Grenada3707108
Stone360364
Tishomingo359792
Attala331589
Jasper329965
Winston314291
Clay308076
Chickasaw300367
Clarke292494
Calhoun279446
Holmes267987
Smith264050
Yalobusha234047
Tallahatchie228051
Greene219348
Walthall218763
Lawrence212940
Perry205556
Amite205156
Webster202946
Noxubee186740
Montgomery179656
Jefferson Davis171743
Carroll169138
Tunica159839
Benton148838
Kemper141941
Choctaw133426
Claiborne132737
Humphreys129538
Franklin120228
Quitman106428
Wilkinson105139
Jefferson94534
Sharkey64120
Issaquena1937
Unassigned00

Alabama Coronavirus Cases

Cases: 819597

Reported Deaths: 15406
CountyCasesDeaths
Jefferson1147901924
Mobile725791338
Madison52306697
Shelby37597350
Baldwin37245552
Tuscaloosa35101612
Montgomery34106740
Lee23526246
Calhoun22225488
Morgan20941378
Etowah19825500
Marshall18361304
Houston17384412
St. Clair16054339
Cullman15443293
Limestone15343199
Elmore15241286
Lauderdale14302295
Talladega13836283
DeKalb12649261
Walker11202370
Blount10192176
Autauga10043148
Jackson9871184
Coffee9210191
Dale8897185
Colbert8860201
Tallapoosa7084198
Escambia6772134
Covington6712183
Chilton6641162
Russell636659
Franklin5959105
Chambers5607142
Marion5005127
Dallas4973200
Pike4795106
Clarke475584
Geneva4571127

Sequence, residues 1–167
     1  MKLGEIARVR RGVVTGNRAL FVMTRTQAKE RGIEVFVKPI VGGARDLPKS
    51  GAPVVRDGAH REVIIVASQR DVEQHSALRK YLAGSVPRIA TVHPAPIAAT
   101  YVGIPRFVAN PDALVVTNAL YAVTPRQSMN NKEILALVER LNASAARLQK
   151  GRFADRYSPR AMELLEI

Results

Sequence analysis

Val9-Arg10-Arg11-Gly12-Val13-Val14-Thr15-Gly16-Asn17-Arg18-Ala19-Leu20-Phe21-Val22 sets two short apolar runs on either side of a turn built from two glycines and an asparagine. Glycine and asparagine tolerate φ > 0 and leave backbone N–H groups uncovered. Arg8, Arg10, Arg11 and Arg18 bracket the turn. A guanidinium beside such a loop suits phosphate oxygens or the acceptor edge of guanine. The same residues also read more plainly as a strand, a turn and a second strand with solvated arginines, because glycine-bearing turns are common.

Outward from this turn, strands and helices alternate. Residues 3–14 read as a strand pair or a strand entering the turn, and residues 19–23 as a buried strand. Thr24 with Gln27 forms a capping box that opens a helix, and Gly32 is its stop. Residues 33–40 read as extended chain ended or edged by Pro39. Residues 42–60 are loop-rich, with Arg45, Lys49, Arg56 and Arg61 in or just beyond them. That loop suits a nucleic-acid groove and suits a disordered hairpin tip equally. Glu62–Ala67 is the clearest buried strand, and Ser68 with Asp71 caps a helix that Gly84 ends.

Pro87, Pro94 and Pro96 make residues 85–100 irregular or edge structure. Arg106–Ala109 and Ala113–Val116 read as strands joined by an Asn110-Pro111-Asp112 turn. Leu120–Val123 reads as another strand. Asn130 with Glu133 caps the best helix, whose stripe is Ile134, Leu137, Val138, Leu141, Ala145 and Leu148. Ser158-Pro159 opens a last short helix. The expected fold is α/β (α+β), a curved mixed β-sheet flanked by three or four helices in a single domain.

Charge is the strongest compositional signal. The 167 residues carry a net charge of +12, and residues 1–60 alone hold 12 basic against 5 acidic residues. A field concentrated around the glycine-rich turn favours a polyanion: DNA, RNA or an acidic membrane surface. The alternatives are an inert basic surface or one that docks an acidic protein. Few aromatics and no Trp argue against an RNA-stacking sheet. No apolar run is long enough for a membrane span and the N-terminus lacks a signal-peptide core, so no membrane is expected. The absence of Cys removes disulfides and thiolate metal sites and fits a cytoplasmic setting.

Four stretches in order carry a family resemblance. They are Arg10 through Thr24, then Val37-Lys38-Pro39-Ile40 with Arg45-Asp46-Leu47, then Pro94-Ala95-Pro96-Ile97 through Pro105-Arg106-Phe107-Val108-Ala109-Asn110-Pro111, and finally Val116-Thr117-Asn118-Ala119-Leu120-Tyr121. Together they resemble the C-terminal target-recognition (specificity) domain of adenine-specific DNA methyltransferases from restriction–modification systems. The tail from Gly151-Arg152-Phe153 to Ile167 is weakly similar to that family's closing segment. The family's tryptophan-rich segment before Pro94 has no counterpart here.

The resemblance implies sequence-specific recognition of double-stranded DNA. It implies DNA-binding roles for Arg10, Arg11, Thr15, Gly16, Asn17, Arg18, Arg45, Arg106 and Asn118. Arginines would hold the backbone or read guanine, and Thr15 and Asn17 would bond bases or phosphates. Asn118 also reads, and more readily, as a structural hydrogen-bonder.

Winston4516103
Lawrence4321117
Bibb425186
Barbour357776
Marengo338090
Monroe331464
Randolph329764
Butler326396
Pickens316284
Henry312666
Hale311388
Cherokee302860
Fayette292880
Washington251551
Cleburne247760
Crenshaw245275
Clay243368
Macon234663
Lamar224147
Conecuh186153
Coosa180240
Lowndes175164
Wilcox168839
Bullock151644
Perry138840
Sumter133038
Greene126744
Choctaw88527
Out of AL00
Unassigned00
Tupelo
Partly Cloudy
65° wxIcon
Hi: 80° Lo: 60°
Feels Like: 65°
Columbus
Clear
63° wxIcon
Hi: 75° Lo: 59°
Feels Like: 63°
Oxford
Clear
64° wxIcon
Hi: 79° Lo: 59°
Feels Like: 64°
Starkville
Clear
63° wxIcon
Hi: 76° Lo: 60°
Feels Like: 63°
Clear cool and dry to begin your weekend, but both afternoons should be a little bit above what we expect for this time of year temperature wise. Rain chances begin to return late Sunday night, with at least two chances for storms over the next week, summer could be strong.
WTVA Radar
WTVA Temperatures
WTVA Severe Weather